As the largest resource of information specific to women's brain health, we are sure you will find what you are looking for, and promise that you will discover new information.
Published on: June 10, 2013
by David R. Barile, M.D. for The Princeton Packet:
Most of us wish for our parents’ retirement years to be filled with golf games, sunset strolls and family time.
But if you are like many Americans, you also worry about how to best care for your parents as they age.
There are more than 40 million Americans over age 65, according to the U.S. Administration on Aging, and the number continues to grow. With a small fraction of those people live in nursing homes, most are being cared for by family members. Encouraging your parents to take care of themselves can help them age gracefully. Older adults who exercise regularly and eat healthy experience improved health and long-term benefits, according to the National Institutes of Health.
However, equally important is watching and recognizing signs that your parents may need some extra care and help as they grow older.
Signs to watch for
The following are some of the early warning signs that may indicate your parent’s health is starting to decline as they age:
* Forgetfulness, memory loss or confusion. Everyone forgets things. A misplaced remote control or forgotten appointment may simply be a mistake. More serious signs of memory changes include forgetting words or getting lost in familiar places. If you suspect your parent is experiencing memory loss, encourage them to see a doctor right away.
* Inattention to hygiene or cleanliness. Take note of your parents’ home and appearance. An unkempt house or poor hygiene, including failing to bathe, wash clothes or perform basic grooming may be a sign of dementia, depression or other serious problems and warrant a visit to a doctor.
* Weight loss. Rapid weight loss can signal a few problems. As people age they have less energy and struggle to stand for long periods, making cooking difficult. Sometimes loss of taste or smell makes elderly people less interested in eating. Either of these cases can signal weight loss caused by malnutrition. Weight loss and malnutrition can also be caused by an underlying health condition, making a medical evaluation critical.
* Falls and injuries. Every year, one in three adults age 65 and older experiences a fall, according to the National Institute on Aging. Falls can easily render older adults disabled, so it is important to come up with a plan to keep them safe from accidents. Older adults are likely to experience joint pain, arthritis and have trouble keeping their balance. If you notice your parent struggles to walk, avoids walking long distances, or has bruises on their body from falling, it may be a sign that they are in pain and struggling to stay mobile.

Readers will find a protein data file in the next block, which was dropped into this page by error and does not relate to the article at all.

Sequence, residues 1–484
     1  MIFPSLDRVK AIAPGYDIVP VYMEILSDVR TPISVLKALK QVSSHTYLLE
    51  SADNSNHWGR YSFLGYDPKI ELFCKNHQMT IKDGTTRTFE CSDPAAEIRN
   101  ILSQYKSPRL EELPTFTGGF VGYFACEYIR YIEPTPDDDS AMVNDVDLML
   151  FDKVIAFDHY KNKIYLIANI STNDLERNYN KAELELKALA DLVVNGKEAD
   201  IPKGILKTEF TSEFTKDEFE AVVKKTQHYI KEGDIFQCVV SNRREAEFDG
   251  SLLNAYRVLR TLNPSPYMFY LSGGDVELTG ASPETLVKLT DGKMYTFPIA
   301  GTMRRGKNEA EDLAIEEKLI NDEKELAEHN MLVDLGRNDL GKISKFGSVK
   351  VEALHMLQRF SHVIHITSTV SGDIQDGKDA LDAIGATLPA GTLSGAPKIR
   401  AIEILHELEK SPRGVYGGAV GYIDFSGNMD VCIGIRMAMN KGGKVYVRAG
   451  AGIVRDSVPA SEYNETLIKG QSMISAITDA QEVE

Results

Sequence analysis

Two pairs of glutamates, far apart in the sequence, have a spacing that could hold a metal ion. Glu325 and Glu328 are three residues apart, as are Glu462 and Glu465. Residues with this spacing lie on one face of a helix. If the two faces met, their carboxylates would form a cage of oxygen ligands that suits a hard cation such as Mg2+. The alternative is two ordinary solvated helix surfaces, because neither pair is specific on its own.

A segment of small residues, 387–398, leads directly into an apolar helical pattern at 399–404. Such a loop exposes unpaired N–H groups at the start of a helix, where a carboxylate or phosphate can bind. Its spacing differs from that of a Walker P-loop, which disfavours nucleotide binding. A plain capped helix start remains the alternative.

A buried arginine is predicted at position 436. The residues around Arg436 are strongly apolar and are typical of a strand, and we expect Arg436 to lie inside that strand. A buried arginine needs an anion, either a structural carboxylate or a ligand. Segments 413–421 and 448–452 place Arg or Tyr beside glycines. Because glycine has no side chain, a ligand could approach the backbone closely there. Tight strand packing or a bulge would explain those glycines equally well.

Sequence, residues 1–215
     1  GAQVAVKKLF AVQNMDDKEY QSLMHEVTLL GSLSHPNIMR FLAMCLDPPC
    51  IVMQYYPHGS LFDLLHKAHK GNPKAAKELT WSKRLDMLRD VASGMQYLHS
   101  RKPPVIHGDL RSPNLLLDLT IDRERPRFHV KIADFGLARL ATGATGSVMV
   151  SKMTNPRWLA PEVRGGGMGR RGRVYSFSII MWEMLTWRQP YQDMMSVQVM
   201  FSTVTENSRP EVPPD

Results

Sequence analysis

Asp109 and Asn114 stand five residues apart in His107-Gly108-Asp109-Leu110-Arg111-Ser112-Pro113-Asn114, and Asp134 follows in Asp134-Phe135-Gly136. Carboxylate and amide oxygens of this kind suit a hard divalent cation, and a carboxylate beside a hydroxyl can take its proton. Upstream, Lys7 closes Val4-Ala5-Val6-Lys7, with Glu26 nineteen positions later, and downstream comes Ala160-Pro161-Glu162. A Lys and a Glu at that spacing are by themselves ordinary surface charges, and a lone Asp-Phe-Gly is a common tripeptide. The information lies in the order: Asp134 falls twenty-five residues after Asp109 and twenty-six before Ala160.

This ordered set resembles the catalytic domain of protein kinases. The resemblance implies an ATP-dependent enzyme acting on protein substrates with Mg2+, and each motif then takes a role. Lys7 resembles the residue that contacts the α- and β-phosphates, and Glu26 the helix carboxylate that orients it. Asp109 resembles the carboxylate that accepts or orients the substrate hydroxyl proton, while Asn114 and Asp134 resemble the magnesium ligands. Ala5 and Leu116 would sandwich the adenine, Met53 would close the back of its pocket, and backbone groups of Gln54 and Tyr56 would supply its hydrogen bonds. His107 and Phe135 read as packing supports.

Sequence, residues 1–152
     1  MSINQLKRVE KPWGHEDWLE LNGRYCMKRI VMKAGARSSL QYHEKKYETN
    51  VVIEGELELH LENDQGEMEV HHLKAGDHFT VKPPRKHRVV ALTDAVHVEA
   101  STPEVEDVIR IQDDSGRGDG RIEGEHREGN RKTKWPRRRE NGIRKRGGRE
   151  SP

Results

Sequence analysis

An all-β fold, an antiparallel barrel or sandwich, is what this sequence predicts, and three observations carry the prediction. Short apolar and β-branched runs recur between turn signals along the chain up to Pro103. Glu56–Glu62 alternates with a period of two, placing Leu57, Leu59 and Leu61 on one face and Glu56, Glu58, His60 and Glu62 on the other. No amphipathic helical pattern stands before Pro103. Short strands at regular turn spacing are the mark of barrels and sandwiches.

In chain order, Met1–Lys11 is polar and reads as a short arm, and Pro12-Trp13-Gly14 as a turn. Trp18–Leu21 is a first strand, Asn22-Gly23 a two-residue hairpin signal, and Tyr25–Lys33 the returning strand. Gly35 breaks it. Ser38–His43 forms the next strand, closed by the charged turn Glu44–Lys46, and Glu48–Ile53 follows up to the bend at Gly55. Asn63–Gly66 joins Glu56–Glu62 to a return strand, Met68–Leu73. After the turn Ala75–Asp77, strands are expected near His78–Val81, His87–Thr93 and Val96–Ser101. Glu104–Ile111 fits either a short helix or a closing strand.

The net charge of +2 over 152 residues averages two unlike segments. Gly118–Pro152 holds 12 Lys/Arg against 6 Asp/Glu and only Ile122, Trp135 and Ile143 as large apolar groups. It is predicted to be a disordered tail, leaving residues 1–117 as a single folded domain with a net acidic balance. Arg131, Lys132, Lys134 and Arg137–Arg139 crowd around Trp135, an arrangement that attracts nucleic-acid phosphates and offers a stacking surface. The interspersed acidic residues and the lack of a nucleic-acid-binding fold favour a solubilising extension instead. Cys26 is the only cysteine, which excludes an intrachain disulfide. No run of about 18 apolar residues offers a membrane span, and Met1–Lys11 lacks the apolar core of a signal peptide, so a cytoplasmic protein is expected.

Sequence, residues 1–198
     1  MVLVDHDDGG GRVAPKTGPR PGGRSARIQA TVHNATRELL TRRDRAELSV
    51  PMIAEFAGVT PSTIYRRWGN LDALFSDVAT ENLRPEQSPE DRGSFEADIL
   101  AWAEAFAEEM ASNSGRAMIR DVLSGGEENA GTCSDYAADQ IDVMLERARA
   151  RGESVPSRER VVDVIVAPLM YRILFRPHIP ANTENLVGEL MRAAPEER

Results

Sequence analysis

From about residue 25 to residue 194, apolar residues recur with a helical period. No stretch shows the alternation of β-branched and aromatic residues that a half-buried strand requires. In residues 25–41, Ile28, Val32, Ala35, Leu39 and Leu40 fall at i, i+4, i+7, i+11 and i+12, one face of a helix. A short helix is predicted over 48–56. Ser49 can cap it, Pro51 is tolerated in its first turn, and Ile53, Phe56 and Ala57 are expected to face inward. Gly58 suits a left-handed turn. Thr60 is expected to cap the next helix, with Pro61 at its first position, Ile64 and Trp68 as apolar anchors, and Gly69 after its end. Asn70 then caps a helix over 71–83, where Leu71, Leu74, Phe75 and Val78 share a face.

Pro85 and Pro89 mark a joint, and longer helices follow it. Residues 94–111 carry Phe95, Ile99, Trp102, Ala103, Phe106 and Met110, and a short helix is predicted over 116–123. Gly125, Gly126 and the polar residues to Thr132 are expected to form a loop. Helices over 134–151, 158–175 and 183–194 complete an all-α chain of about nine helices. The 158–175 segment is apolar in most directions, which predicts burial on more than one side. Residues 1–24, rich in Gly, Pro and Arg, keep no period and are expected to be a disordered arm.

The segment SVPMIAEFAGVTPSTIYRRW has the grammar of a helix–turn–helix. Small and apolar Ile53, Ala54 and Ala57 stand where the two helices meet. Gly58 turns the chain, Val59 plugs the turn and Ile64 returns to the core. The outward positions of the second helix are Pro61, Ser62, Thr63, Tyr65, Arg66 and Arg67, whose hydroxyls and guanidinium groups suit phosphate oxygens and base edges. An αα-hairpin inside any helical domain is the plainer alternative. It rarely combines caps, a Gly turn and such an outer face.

* Sadness, moodiness or depression. An ongoing blue mood or pessimism may be a sign that your parent is depressed. Pay attention to whether your parent is disconnecting with friends, pulling out of hobbies or activities they once enjoyed or changing their daily routine. If you suspect depression, talk with them about the root of their sadness and consider seeking professional help.
If one or more of these signs sound familiar, the first thing you should do is talk with your parents. Consider including other loved ones, like siblings, in the conversation. Be honest about your concerns, but remind your parents that you love them and want what is best for them.
There are a number of other steps you can take to improve your parents’ health and safety, including the following:
* Make your home safer by reducing tripping hazards, adding grab bars inside and outside the tub or shower and next to the toilet, adding stair railings and improving lighting. Move bedrooms or important items to the first floor and place routine items lower in cabinets so they are easier to reach.
* Research home care agencies that can help with house cleaning, bathing and dressing, or provide meals and transportation.
* If you’re concerned about changes in memory, weight loss, depression or other health issues, encourage your parent to schedule a doctor’s visit or schedule one yourself. Offer to accompany your parent on their next visit.
Ultrasound waves applied to the whole brain improve cognitive dysfunction in mice with conditions simulating vascular dementia and Alzheimer’s disease. The research, conducted by scientists at Tohoku University in Japan, suggests that this type of therapy may...
A Johns Hopkins Medicine analysis of information gathered for an ongoing and federally sponsored study of aging and disability adds to evidence that a substantial majority of older adults with probable dementia in the United States...
It’s not uncommon to feel disorganized and forgetful when you’re under a lot of stress. But over the long term, stress may actually change your brain in ways that affect your memory. Studies in both animals and...
The material presented through the Think Tank feature on this website is in no way intended to replace professional medical care or attention by a qualified practitioner. WBHI strongly advises all questioners and viewers using this feature with health problems to consult a qualified physician, especially before starting any treatment. The materials provided on this website cannot and should not be used as a basis for diagnosis or choice of treatment. The materials are not exhaustive and cannot always respect all the most recent research in all areas of medicine.